April 27, 2012
Bunge's Q1 profits down 60% on weak fertiliser prices
Due to pressure from weak fertiliser prices, Bunge said on Thursday (Apr 26) that its first-quarter income dropped 60% from a year ago.
The company, the world's largest soy processor, said it still expected good results for the year, as the fertiliser business should improve due to a strong farm economy in South America.
Global fertiliser prices have dropped as farmers have delayed purchases until the market softens, hurting other companies like fertiliser maker Potash Corp of Saskatchewan.
"Fertiliser prices were pressured by an environment of falling international prices, an inherent risk in this business," said Alberto Weisser, Bunge's chairman and chief executive officer.
Bunge, among the top sugar and ethanol producers, is one of four large players, known as the ABCD companies that have traditionally dominated business in agricultural markets. The others are Archer Daniels Midland Co, Cargill and Louis Dreyfus.
Bunge reported a first quarter profit of US$92 million, or US$0.57 a share, down from US$232 million, or US$1.49 a share, last year. Excluding costs for a legacy environmental claim in Brazil and other adjustments, earnings were US$0.69 a share.
Revenue of US$13.45 billion was up from US$12.2 billion a year earlier. Analysts polled by Thomson Reuters expected a US$1.18 per share profit on US$13.25 billion of revenue.
The slump came after Bunge outperformed rivals late last year. In February, it reported better-than-expected profit, following weak results from trading giants ADM and Cargill.
Cargill this month reported a rebound in earnings after its worst quarter in a decade, led by record profits in its global food ingredient businesses and stronger results in energy trading.
For Bunge, higher volumes in fertiliser in the last quarter were more than offset by lower margins. The company expects to recover, as "farm economics are strong in South America and should result in higher fertiliser volumes," said Drew Burke, Bunge's chief financial officer.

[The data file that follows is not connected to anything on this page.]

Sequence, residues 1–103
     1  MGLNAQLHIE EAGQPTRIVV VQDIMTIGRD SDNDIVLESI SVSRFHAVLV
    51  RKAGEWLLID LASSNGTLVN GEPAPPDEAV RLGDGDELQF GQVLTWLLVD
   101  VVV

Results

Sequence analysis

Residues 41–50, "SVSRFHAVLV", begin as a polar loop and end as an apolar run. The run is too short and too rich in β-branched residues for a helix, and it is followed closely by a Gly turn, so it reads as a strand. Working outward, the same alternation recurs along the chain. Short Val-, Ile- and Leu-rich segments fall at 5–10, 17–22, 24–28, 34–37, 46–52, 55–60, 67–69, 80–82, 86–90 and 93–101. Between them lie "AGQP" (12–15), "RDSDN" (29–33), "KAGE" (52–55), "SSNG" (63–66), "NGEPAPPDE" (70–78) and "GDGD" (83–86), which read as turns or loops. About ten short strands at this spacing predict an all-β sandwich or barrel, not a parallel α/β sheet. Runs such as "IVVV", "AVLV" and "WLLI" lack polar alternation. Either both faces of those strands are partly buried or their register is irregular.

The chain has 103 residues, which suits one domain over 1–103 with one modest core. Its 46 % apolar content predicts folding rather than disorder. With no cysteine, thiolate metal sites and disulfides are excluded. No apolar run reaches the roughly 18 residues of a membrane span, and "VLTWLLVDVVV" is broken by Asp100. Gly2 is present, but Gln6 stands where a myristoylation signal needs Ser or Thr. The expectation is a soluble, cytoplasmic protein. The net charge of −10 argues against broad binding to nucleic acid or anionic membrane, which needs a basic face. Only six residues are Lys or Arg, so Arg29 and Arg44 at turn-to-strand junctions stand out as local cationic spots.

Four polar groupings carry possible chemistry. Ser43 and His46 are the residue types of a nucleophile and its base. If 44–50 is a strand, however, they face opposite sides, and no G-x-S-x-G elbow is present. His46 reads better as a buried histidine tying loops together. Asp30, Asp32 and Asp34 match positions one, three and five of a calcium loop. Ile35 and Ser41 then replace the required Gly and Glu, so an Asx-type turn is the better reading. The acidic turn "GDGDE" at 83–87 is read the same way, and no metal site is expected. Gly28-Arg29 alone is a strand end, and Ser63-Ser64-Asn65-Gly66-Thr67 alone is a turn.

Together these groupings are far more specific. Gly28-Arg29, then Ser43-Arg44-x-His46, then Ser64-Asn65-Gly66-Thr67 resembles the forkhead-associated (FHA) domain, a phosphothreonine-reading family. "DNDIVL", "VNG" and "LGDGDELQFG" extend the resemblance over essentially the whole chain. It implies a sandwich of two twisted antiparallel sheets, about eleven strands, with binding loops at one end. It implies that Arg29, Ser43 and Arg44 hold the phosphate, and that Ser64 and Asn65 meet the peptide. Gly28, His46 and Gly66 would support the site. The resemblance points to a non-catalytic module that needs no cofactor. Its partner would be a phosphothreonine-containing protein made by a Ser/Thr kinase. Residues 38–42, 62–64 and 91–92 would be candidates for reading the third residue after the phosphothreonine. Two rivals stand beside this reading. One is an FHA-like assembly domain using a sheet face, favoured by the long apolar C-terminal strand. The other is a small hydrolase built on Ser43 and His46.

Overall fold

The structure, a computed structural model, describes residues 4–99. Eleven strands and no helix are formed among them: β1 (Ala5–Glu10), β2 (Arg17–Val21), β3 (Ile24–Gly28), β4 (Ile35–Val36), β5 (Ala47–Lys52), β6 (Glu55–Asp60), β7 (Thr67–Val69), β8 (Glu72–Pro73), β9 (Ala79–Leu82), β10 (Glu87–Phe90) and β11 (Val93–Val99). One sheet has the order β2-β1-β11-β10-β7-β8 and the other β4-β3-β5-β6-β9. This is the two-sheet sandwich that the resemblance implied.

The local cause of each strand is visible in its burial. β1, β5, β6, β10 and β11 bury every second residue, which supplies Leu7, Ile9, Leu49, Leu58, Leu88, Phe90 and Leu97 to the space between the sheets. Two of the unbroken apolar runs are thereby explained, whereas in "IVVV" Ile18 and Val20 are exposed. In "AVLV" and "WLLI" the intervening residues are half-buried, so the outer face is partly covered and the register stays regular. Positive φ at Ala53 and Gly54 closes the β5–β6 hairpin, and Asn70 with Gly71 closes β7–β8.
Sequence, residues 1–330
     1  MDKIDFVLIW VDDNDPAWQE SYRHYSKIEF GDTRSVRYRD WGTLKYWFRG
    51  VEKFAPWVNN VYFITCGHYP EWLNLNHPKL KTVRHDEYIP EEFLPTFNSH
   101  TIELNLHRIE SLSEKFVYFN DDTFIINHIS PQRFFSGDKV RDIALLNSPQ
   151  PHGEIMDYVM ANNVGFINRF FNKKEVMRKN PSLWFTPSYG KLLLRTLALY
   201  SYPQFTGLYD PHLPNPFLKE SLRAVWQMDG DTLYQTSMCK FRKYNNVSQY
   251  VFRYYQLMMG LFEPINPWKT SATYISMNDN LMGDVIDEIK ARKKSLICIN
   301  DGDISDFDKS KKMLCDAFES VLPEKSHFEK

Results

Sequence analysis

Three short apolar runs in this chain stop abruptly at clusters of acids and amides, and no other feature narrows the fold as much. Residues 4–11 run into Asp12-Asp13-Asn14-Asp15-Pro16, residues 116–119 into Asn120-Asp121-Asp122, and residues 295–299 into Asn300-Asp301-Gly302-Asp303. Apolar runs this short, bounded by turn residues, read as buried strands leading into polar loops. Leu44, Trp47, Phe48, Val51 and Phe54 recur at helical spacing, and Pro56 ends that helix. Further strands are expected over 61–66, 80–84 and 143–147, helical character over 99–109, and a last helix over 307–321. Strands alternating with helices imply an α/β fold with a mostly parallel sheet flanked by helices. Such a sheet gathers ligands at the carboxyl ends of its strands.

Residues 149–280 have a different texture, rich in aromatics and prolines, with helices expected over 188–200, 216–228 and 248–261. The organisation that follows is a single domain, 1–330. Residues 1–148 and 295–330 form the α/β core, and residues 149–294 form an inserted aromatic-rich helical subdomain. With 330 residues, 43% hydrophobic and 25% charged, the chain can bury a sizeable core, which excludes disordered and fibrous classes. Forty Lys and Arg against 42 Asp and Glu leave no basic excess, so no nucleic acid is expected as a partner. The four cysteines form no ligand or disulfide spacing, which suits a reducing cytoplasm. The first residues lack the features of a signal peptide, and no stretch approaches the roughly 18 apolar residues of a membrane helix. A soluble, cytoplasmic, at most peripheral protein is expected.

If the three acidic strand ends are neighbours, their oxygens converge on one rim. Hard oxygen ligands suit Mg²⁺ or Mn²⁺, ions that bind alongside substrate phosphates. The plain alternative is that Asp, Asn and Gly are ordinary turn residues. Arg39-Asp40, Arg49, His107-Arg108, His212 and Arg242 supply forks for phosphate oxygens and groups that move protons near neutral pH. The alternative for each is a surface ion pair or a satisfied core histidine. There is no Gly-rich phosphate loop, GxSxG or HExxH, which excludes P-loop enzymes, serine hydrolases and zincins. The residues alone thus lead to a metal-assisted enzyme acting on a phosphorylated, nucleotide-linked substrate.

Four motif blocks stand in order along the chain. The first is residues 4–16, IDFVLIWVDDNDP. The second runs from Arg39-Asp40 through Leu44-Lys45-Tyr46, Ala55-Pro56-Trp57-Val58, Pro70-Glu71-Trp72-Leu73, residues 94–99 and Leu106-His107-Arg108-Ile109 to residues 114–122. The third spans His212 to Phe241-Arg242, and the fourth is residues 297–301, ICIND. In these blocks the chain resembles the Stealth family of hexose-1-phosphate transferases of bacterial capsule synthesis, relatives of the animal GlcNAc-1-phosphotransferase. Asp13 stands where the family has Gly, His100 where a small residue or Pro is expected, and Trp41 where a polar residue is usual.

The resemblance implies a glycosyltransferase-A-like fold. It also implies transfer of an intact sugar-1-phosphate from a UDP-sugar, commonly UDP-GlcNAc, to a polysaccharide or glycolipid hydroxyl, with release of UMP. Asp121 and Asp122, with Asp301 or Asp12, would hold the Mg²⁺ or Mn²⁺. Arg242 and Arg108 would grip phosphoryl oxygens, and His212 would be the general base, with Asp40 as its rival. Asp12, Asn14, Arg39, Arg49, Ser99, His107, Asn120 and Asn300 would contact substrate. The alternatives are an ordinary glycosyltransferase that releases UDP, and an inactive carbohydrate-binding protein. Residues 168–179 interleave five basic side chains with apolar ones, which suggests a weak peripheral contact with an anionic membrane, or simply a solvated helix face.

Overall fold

Bunge listed a US$27 million charge in the fertiliser segment stemming from an environmental incident due to a sulphuric acid spill during vessel unloading in the south of Brazil in 1998. Overall, the company said it was still looking for "strong results" in 2012.
Yet, Potash Corp of Saskatchewan, the world's largest fertiliser maker, damped down expectations for the rest of the year. The company reported a 33% profit drop due to lower sales and production volumes.
"Fertiliser buyers continued to move cautiously at the beginning of the year," said Bill Doyle, Potash Corp's chief executive office. "It took longer than we expected for demand to emerge."
Profits in the sugar and bio-energy business were down from a year ago because of lower ethanol margins, "stemming from high-cost inventory that was carried into the year from 2011," according to Bunge. Market sales prices in Brazil were pressured, in part, by an increase in imports from the US.
The sugar and bio-energy business has been in focus as Standard & Poor's Ratings Services this week raised its outlook for Bunge to positive from stable, saying the processor would likely sustain improved sugar and bio-energy earnings. S&P warned it could revise the outlook back to stable if Bunge did not sustain earnings and weakness persisted in the sugar and bio-energy segment.
Bunge's agribusiness unit, its largest segment, benefited from strong demand in South America due to smaller-than-expected US harvests last year, when hot, dry weather hurt crops. The unit buys, sells, transports, stores and processes bulk grains and soy. Results were still down from "an especially strong" first quarter last year, Bunge said.
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